My two year old looked both shocked and offended, like I’d just poured ice water on her head. “But I need one,” she demanded.

And it occurred to me as I sat there on the side of the road trying to calm her down while also making it perfectly clear that she was never ever getting a motorcycle, that maybe all this time she was just waiting for the big ticket items.  All those docile trips to the toy store, all that contented window-shopping, perhaps it was all just a ploy. She was waiting, adding up the numbers, “That’s fifteen dolls I never asked for, and three pretend shopping carts I simply ignored, eight play kitchens I left at the store, and five Thomas The Tank Engines I did not demand…. That’s got to at least add up to a horse or an automobile… my mom owes me something big for all the tantrums I never threw.”

So, now I find myself longing for the toy store meltdowns. At least there are a limited number of kid centric shops on any one given block. You can spot them from afar and just walk the other way. But trucks and motorcycles and buses just keep coming. Yesterday my daughter begged for an old fashioned convertible, a fire truck, and a Toyota Prius. The ladies at the toy store are going to love me now. I’ll be shoving baby doll after baby doll into a cart just to distract my daughter from her desire to own a jumbo jet.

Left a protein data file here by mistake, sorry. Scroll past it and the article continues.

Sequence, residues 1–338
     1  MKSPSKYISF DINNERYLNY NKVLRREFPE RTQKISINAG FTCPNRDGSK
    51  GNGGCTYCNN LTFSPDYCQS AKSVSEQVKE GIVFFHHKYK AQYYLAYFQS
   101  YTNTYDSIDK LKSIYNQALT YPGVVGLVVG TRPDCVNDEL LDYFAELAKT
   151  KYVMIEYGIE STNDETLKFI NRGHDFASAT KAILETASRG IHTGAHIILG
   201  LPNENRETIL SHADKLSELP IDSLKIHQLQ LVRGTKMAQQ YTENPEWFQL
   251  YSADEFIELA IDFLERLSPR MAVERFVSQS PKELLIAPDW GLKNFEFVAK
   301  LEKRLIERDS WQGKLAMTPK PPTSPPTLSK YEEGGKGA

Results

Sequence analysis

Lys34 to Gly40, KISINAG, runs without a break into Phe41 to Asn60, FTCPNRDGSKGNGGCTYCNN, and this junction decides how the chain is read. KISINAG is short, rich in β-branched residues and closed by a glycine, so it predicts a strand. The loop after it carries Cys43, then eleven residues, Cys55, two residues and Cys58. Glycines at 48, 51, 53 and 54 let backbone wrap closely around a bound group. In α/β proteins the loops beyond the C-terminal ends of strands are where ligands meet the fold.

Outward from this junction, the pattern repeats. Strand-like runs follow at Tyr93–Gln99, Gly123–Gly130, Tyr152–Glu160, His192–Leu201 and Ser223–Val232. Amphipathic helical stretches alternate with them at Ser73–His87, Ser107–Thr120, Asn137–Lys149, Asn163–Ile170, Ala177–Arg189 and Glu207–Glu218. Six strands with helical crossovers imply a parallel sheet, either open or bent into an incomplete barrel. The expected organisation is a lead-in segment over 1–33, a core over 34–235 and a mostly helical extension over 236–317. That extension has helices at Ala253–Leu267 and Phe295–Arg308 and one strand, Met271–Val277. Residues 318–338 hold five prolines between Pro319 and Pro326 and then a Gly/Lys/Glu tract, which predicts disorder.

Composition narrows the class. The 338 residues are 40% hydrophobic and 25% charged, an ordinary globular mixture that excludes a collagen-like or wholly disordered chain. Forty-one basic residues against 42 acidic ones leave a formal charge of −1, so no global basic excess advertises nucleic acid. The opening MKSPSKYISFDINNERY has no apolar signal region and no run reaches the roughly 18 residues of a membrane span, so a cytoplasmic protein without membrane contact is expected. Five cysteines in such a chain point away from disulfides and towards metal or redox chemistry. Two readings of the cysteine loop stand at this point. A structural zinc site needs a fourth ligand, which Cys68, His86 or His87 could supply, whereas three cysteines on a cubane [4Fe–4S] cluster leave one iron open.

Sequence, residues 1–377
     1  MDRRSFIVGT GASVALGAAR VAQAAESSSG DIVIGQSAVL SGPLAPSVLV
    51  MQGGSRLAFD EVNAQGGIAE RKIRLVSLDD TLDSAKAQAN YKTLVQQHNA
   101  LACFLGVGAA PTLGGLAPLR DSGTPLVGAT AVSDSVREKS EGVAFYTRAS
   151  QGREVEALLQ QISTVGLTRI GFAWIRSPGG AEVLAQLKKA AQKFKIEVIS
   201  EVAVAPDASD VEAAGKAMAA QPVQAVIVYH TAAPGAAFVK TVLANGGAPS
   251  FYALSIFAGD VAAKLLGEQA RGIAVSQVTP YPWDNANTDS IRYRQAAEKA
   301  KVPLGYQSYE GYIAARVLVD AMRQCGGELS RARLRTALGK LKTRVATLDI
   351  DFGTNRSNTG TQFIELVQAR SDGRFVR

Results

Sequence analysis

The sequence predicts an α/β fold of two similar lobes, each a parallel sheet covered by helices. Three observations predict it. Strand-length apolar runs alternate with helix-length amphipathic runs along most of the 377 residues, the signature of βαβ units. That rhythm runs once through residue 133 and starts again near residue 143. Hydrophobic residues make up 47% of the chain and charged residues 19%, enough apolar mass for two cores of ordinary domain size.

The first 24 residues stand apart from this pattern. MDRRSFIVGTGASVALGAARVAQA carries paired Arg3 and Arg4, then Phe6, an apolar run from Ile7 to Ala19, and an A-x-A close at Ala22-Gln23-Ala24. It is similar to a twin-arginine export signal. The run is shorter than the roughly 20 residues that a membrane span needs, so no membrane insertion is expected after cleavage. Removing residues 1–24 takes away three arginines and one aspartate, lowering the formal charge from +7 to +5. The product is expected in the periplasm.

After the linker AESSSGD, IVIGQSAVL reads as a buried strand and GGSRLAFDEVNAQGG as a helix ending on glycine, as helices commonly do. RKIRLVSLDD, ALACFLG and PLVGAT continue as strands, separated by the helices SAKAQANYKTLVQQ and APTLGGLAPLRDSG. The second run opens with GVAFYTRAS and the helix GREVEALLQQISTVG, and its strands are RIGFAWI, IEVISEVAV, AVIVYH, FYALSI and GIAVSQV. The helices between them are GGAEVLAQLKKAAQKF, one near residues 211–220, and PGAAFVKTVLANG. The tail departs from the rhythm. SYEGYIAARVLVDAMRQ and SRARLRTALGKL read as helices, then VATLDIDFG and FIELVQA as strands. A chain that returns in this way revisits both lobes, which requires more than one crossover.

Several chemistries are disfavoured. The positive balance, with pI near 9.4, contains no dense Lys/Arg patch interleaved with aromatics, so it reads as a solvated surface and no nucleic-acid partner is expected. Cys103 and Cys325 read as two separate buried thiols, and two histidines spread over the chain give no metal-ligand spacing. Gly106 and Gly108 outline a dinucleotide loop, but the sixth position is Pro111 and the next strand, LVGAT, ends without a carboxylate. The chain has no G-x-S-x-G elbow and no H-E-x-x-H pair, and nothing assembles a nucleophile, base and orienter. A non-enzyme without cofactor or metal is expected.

She is an artist. He is a writer. They are married. They are parents. We’ve come to hear them talk about their amazing collaboration. She wears a silk scarf and smiles widely. He’s got wire-rimmed glasses and walks with a happy gait. The moment they take the stage my husband and I exchange a look, “We are going to like these two.”

They spend the next hour talking about how they left their fancy jobs and their stable incomes to start their own back yard publishing company. His parents’ thought they were crazy. They protested, “this is not how you were raised.” They said, “how will you survive?” The artist and writer ignored the protests. They were going to make it work, no matter what. They grabbed the kids, left the big city, moved to a barn, and set up shop. Now they work together writing storybook after storybook, building off of one another’s ideas, editing each other’s work. They explain that they are broke, but love what they do.

They read us one of their creations. It is brilliant; the kind of story that will only ever be written once. My husband and I applaud loudly, but some members of the audience look concerned. A woman raises her hand, “what about the children?” she asks. “How is there room for them?”  She is clearly suggesting that these two are selfish. How could they possibly have passion and offspring all at the same time? How could they subject the children to the financial instability of their dreams?

The writer smiles, he has heard this question before. “They are our the greatest thing in our lives.” He says, “They are our very best creation. One of us is always with them. We did this for them as much as we did this for ourselves. We want them to have parents who follow their hearts and are happy.” My husband and I take each other’s hands; this is what we hope for too.